Well, I mean sure, there have been plenty of times when the president is not the person who got the most votes, but the thing is, it is so the states are equal and not ignored, if it was not like this you would only need to focus on the states with more people, meaning the president does not need to represent the most states, just the most people. So those states that have less population would most likely feel like the government does not care about them.

  16. Zolfried

    Zolfried7 時間 前

    it happended once, it can happen again.. lets do brexit the american version..

  17. irmuu sanaa

    irmuu sanaa7 時間 前

    Yeaaaa... there are exactly ten 10 states who have joined this mess.

  18. irmuu sanaa

    irmuu sanaa時間 前

    Arnout H it’s still a horrible idea since it will just replace swing states with population centers and based on current political mind sent could theoretically create a one party system with out knowing it.

  19. irmuu sanaa

    irmuu sanaa時間 前

    Arnout H oh yea I was looking at a map from 2019

  20. Arnout H

    Arnout H時間 前

    You mean 16, right?

  21. TheHobgoblyn

    TheHobgoblyn8 時間 前

    "a thousand generations of this Republic".... uhh... how long do you think the U.S.A. has been around? That's got to be one of the dumbest lines I have ever heard uttered on a history channel. The U.S.A. hasn't been around for even 10 human generations and, even if you mean 4 year cycles, that would be 4,000 years. Even if you could possibly mean 1-year cycles? Dude-- the U.S. hasn't been around for even 250 years (though it is coming up on that.)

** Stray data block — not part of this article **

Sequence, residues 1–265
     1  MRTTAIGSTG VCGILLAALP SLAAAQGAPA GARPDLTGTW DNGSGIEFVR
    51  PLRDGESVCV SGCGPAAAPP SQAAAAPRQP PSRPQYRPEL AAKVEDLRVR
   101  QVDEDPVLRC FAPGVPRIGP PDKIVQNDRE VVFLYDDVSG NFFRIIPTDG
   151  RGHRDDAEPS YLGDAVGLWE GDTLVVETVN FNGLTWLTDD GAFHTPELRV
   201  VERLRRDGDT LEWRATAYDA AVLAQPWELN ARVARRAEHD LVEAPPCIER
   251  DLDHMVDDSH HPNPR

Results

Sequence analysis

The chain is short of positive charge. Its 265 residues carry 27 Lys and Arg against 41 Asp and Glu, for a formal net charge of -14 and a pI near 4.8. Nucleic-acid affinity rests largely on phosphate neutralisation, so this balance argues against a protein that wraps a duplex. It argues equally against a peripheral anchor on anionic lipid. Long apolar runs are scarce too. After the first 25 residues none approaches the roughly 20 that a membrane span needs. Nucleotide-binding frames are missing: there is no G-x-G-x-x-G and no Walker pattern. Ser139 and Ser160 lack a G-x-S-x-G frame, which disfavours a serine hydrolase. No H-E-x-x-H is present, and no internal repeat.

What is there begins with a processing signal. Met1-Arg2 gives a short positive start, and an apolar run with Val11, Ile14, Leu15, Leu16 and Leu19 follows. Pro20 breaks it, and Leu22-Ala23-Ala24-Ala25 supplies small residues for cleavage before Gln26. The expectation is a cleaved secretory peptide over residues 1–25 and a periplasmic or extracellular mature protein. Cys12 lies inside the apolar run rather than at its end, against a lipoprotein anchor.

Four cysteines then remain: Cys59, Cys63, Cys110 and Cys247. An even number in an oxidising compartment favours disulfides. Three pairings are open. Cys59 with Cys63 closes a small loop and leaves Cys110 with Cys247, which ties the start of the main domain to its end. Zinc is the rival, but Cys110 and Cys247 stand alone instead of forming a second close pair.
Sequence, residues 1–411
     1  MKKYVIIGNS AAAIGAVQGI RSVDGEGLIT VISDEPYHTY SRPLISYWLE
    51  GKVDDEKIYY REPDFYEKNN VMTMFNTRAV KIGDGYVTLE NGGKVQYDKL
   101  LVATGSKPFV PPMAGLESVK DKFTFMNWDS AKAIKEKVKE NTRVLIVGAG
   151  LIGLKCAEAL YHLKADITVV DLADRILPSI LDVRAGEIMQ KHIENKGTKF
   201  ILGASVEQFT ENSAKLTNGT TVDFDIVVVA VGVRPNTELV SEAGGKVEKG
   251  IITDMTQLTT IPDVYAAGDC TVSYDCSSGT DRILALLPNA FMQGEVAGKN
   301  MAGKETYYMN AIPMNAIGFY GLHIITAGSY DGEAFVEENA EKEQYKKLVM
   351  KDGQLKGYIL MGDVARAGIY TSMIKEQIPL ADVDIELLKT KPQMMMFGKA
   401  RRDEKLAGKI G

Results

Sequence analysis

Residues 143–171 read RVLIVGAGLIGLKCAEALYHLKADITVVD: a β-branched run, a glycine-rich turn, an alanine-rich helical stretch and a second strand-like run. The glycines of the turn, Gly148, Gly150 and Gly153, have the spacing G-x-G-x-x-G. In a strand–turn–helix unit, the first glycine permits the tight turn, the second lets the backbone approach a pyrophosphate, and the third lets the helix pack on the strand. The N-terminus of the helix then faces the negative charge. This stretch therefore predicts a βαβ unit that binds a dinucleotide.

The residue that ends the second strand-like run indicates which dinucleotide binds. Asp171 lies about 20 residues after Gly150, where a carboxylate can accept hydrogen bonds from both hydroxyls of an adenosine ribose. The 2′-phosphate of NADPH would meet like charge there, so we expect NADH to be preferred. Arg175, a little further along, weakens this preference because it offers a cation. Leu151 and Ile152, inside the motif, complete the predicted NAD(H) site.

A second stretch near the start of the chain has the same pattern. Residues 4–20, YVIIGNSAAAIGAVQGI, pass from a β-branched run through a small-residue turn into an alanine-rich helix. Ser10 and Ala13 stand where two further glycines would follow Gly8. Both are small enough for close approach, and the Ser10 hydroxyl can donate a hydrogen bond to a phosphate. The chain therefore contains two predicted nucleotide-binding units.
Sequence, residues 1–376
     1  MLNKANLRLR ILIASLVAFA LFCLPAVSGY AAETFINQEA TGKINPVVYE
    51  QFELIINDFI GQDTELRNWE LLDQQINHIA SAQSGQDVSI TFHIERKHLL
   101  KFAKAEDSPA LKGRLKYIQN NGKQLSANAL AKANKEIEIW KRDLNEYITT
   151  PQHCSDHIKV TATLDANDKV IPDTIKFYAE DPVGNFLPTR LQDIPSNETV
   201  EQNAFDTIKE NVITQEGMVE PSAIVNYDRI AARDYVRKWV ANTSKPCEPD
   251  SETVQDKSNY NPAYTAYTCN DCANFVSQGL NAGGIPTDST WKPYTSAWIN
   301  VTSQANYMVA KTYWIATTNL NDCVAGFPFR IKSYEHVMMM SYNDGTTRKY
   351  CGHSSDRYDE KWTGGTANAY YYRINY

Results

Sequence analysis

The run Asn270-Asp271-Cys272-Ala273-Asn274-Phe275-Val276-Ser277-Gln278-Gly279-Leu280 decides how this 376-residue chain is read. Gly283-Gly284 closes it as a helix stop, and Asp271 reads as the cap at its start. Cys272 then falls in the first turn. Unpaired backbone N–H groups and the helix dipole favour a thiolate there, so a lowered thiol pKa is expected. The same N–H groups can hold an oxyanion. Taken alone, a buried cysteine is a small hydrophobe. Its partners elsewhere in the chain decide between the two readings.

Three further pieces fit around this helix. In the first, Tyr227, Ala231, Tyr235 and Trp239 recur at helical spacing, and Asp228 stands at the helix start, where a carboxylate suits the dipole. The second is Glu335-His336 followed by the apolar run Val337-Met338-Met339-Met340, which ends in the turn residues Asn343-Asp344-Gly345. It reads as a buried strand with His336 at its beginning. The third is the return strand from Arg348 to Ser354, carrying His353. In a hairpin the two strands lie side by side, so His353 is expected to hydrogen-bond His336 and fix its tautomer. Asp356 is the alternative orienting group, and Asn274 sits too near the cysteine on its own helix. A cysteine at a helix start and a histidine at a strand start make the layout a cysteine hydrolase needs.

22. Arnout H

    Arnout H時間 前

    Since when is this a history channel? Also, ever heard of hyperbole?

  23. AestheticSloth

    AestheticSloth8 時間 前

    And now the electoral votes have to go to the popular vote thanks to lobbyists in the supreme court. Big RIP

  24. liam gil

    liam gil8 時間 前

    This seems silly. Why would a state give up its political power to citizens who it doesnt represent? There is no benefit.

  25. Vince Marenger

    Vince Marenger9 時間 前